For really to think about someone means thinking about that person every minute of the day, without letting one’s thoughts be diverted by anything – by meals, by a fly that settles on one’s cheek, by household duties, or by a sudden itch somewhere. But there are always flies and itches. That’s why life is difficult to live.
–Albert Camus, The Plague
His father hated him more than anyone else and always called him rang’a-tsaer; a finch. He spent his entire youth drawing, sketching and painting. Even on the day he received the gold medal in fine arts (painting) from his university, nobody in his circle of family or friends showed him any appreciation. A permanent government job in Kashmir meant much more than winning gold medals and accolades.
So after dabbling in the arts for a while, he got a government job in the arts college where he had studied. His father stopped taunting him at once. But he wasn’t able to establish himself as an artist yet. He was like any other government employee, earning a reasonable salary. His immediate society was eager to see its young generation as doctors, engineers, management-professionals and bureaucrats and did not care much for writers, artists, musicians, singers and sculptors. Now, only those who doubled as doctor-writers or engineer-painters or bureaucrat-singers or management-professional-guitarists were forgiven for their artistic side. Such was the case with Irshad Ahmad Lone.
These days Irshad has been working hard on a painting to be showcased at a prominent art exhibition in the city. Since morning, his work has been disrupted by a housefly – and soon he is forced to shift his concentration from his work to the fly.
In the morning, when he went out to have tea in the kitchen, he left the door open and that is when it must have flown into his studio. Now he chases it around and tries to kill it with a rolled magazine but in vain. He also thinks of opening the windows but that could invite other flies. Unbidden, a memory pops into his head: he remembers the chowk outside his house, always crowded with hawkers and pedestrians, before an army bunker had come up. Within months, he was surprised to find the bunkers and troops outnumbering the locals and their stalls; not just in the chowk itself but the entire neighbourhood.
Irshad felt irritated. Resolutely blanking his mind, he stared at the arrangements in the studio – colours scattered all over the floor in little bottles, tubes and tray palettes, canvases, easels and some unfinished work, still wet with colours. It made it all the more difficult for him to move around.
Suddenly, the fly becomes the central focus in his world of art. In the beginning he takes it easy and at one point he even gives up chasing it but the fly returns shamelessly and settles on his painting-in-progress – a surrealistic representation, themed, “fragility of art itself…of the tussle between the power of art and the art of power”, inspired by the work of Salvador Dali. In his messy yet colourful art career, Irshad began with simple impressionistic caricatures of his surroundings, depicting the slow movement of curfewed life in the Kashmir of 1990s; tiny brushstrokes and the full use of light and shade portrayed his themes of “desolation outside and the misery inside”. In those years, he occasionally would paint fauvist portraits of popular political leaders like Sheikh Abdullah; the pioneer liberationist Maqbool Bhat; the senior separatist political leader Syed Ali Geelani; the heroic insurgent commander, Ishfaq Majeed, and many others, limning all of them in mismatched strident colours and shadows, in the ways he understood them. In late 1990s he had moved to cubistic still-life and portraiture, breaking and reassembling them in the most abstract ways he could, to look at them from disparate persepectives.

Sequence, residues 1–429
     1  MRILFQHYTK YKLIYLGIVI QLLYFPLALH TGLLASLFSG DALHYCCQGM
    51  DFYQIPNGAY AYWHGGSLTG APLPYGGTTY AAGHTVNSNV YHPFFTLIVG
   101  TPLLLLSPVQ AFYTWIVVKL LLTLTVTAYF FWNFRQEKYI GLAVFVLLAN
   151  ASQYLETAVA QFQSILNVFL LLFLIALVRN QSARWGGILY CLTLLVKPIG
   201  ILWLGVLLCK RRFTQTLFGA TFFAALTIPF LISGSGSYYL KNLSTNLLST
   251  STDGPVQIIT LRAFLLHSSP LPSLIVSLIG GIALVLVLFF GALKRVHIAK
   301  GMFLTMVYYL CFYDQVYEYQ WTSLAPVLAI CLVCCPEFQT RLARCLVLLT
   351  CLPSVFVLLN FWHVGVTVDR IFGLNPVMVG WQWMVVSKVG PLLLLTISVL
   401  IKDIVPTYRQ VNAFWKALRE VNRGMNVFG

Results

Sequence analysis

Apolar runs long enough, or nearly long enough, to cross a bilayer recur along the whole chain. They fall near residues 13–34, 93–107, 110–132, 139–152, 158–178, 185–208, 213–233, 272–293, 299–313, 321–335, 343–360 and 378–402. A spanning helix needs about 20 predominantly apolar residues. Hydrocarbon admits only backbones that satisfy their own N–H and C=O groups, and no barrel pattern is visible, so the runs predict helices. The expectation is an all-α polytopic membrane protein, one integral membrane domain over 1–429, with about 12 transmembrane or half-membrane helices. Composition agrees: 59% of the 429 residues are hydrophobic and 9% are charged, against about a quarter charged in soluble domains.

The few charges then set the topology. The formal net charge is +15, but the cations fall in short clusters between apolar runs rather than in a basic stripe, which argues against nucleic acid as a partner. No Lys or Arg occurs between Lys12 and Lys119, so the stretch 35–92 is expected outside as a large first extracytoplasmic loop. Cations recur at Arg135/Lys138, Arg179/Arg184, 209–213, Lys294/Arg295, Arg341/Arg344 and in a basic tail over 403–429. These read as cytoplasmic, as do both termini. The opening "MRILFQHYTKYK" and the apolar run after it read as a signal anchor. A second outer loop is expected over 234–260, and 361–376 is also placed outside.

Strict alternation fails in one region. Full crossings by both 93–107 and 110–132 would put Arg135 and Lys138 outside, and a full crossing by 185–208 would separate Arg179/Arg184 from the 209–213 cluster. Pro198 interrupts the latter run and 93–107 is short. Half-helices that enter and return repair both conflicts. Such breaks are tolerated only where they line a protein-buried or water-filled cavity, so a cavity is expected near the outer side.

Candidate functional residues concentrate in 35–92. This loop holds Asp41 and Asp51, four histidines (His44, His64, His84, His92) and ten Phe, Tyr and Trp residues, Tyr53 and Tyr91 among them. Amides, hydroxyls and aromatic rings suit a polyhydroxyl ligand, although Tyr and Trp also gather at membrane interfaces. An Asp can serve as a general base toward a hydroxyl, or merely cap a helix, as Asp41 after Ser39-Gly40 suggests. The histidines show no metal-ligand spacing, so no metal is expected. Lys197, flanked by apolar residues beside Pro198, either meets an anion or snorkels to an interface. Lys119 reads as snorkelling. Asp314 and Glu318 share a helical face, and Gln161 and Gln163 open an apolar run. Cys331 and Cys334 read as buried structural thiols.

Then he gradually turned towards expressionism, subjectively and manipulatively, painting the same things he had been painting for years, but not breaking them up, nor emphasising them in sharp colours but simply focussing on their emotional tenor. He spent quite some time as an expressionist but in the last few years he had stylistically embraced surrealism. Yet, as he moves forward with his more fantastic pieces, for some reason, he is considering reverting to expressionism.
The fly lands right at a pivotal spot in the painting, clipped on a colour-smeared easel, where the inextricable mixture of yellow and black brushstrokes at the base of the painting depict a man’s head, which also looked like a vase when the eyes shift their focus. The head looked melancholic, glancing sideways; hands with mutilated fingers, stemming from the scalp of the head, blossomed into some strange flowers whose petals are elongated teardrops around carpals made of eyes.
The colours on the canvas are still wet. If the fly crawls about it, the painting will certainly be ruined, he thinks. Irshad settles for sacrificing the spot where the fly must be hit or squashed. The spot can be redone later. Irshad hits the spot but when he lifts the rolled magazine – sticking to the wet paint – off the canvas, there is nothing except an impression of the violence in the shape of the magazine’s rolled, cylindrical outline. The fly still buzzes around under the ceiling. Indignantly, he grimaces and grumbles around the studio for a while and then leaves carefully shutting the door behind him.
Later in the day, to distract himself from thinking about the fly, he decides to visit the hotel on Dal Lake’s edge, where the exhibition is to take place. He feels enthusiastic, imagining where his painting would hang in that clean, untrampled space.